New York

Aki Sasamoto, Wrong Happy Hour, 2014. Performance view, November 2, 2014.

Aki Sasamoto, Wrong Happy Hour, 2014. Performance view, November 2, 2014.

Aki Sasamoto

JTT

Aki Sasamoto, Wrong Happy Hour, 2014. Performance view, November 2, 2014.

With its Emeralite-green pendant lamps overhead and its chalkboard sidewalk sign, the mise-en-scène at Aki Sasamoto’s recent performances at JTT’s living-room-size space held the promise of a particularly cozy strain of relational art: the gallery as site for a libation-fueled, slightly sweaty gathering meant to foster conviviality. That impression only grew as the artist—before launching into her signature mix of monologue, febrile live drawing, and interactions with everyday objects—began by serving fresh-brewed espresso while a Stan Getz and João Gilberto track played in the background.

But as it quickly became clear, there was trouble in the air. The piece’s title, Wrong Happy Hour, 2014, had the overtones of a fete gone awry. And those who stayed for the entirety of her performance—she staged the piece publicly three times over the course of the exhibition’s run—found themselves forced to experience controlled panic and claustrophobia when the gallery’s back wall, which turned out to be mobile, began inching forward. As the space shrank like the garbage compactor in Star Wars, visitors were pressed chest-to-chest, then forced outside into the cold evening, their exodus spurred on by the artist’s shouts: “Get out!”

Like a stand-up comedian, Sasamoto played the performer as grump, antagonizing her audience members to charm them, and like a vaudevillian, she built punch lines from absurdist interactions with repurposed objects. Near the show’s beginning, she donned a pair of novelty periscope glasses, and, with her field of vision now rotated downward ninety degrees, trundled through the crowd. But Sasamoto—who in the past has staged anonymous street performance as well as gallery-sited projects—is concerned with, in her words, “the power of meaning in each object,” and, more than slapstick props, her MacGyvered apparatuses become sculptural counterpoints to her monologues’ idées fixes. At JTT, while opining on her inability to relate to concepts such as romance, she put on trick glasses whose thick lenses were actually receptacles into which she then poured espresso—her obscured vision becoming a metaphor, perhaps, for her own lack of insight.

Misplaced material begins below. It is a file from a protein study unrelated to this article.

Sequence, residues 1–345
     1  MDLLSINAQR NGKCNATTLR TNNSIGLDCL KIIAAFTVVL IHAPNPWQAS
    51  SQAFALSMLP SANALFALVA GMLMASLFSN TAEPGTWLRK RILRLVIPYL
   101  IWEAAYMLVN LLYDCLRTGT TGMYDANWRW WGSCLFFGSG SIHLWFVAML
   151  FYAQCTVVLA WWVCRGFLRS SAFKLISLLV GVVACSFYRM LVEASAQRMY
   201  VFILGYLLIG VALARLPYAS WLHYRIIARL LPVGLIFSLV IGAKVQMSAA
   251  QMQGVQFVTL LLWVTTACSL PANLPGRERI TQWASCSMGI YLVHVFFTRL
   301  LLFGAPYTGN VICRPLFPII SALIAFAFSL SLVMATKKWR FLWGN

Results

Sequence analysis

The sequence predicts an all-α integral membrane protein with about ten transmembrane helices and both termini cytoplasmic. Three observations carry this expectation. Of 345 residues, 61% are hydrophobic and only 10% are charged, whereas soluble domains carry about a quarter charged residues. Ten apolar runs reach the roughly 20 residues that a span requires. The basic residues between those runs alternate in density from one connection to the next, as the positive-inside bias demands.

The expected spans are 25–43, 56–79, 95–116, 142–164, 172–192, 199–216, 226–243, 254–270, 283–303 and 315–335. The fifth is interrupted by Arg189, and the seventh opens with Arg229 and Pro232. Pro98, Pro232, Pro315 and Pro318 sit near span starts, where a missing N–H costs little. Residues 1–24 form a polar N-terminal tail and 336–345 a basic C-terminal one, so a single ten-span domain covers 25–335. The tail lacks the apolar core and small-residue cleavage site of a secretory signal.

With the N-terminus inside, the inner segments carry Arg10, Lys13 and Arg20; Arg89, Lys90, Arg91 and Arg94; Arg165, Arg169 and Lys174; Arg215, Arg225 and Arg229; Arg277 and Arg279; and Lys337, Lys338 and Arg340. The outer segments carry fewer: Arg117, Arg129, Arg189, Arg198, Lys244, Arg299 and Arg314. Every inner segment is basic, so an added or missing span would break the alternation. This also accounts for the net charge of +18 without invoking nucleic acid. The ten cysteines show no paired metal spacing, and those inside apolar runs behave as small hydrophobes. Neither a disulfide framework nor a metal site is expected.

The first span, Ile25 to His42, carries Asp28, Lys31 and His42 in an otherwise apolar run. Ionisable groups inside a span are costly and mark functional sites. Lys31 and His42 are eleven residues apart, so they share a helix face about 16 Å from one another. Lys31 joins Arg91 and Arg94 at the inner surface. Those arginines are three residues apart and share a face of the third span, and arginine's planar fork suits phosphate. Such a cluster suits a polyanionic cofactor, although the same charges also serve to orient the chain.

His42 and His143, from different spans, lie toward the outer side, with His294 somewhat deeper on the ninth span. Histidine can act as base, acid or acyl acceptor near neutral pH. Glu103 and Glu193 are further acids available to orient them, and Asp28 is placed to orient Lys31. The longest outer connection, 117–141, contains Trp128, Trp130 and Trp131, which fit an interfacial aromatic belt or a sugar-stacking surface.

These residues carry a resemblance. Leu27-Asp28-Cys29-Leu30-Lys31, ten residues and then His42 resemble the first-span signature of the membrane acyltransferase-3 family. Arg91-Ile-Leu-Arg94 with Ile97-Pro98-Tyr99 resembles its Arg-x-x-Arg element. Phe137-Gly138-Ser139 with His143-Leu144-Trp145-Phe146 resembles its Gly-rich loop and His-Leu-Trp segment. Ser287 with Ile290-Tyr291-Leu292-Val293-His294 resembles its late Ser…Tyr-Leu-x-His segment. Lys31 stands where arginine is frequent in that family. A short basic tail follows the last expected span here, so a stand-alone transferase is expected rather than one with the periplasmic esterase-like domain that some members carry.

Wrong Happy Hour featured nods to past performance traditions. When the artist disappeared through a panel in the mobile wall (which let her propel it forward unseen), one thought of the trapdoors and mechanized stage sets in Kyogen theater and Victorian pantomime. But rather than merely delivering the spectacle of such productions, Sasamoto’s work also asked her audience to identify with her subjective experiences. Take the periscope glasses, which invited onlookers not only to find comic relief in her odd posture but also to understand her bumblings by imagining her skewed visual field. As such, much of Wrong Happy Hour seemed to be about the artist’s own peculiar outlook—and about the unbridgeable gulf between self and other. While drawing diagrams on the wall, she asked, “How can I know what [romance] is?” She then added, “I don’t really know what the opposite sex thinks about, or any opposite person.”

For all the solipsistic self-reflection at the root of Sasamoto’s poetic ruminations, her piece cast its audience in a remarkably complex light. Unlike performances that give onlookers one of several stock roles—the pious in a solemn ritual, say, or flies on a wall—Sasamoto made her participants many things at once: confidants, gawkers, and nuisances. They were called on to empathize, but kept at arm’s length, too.

Dawn Chan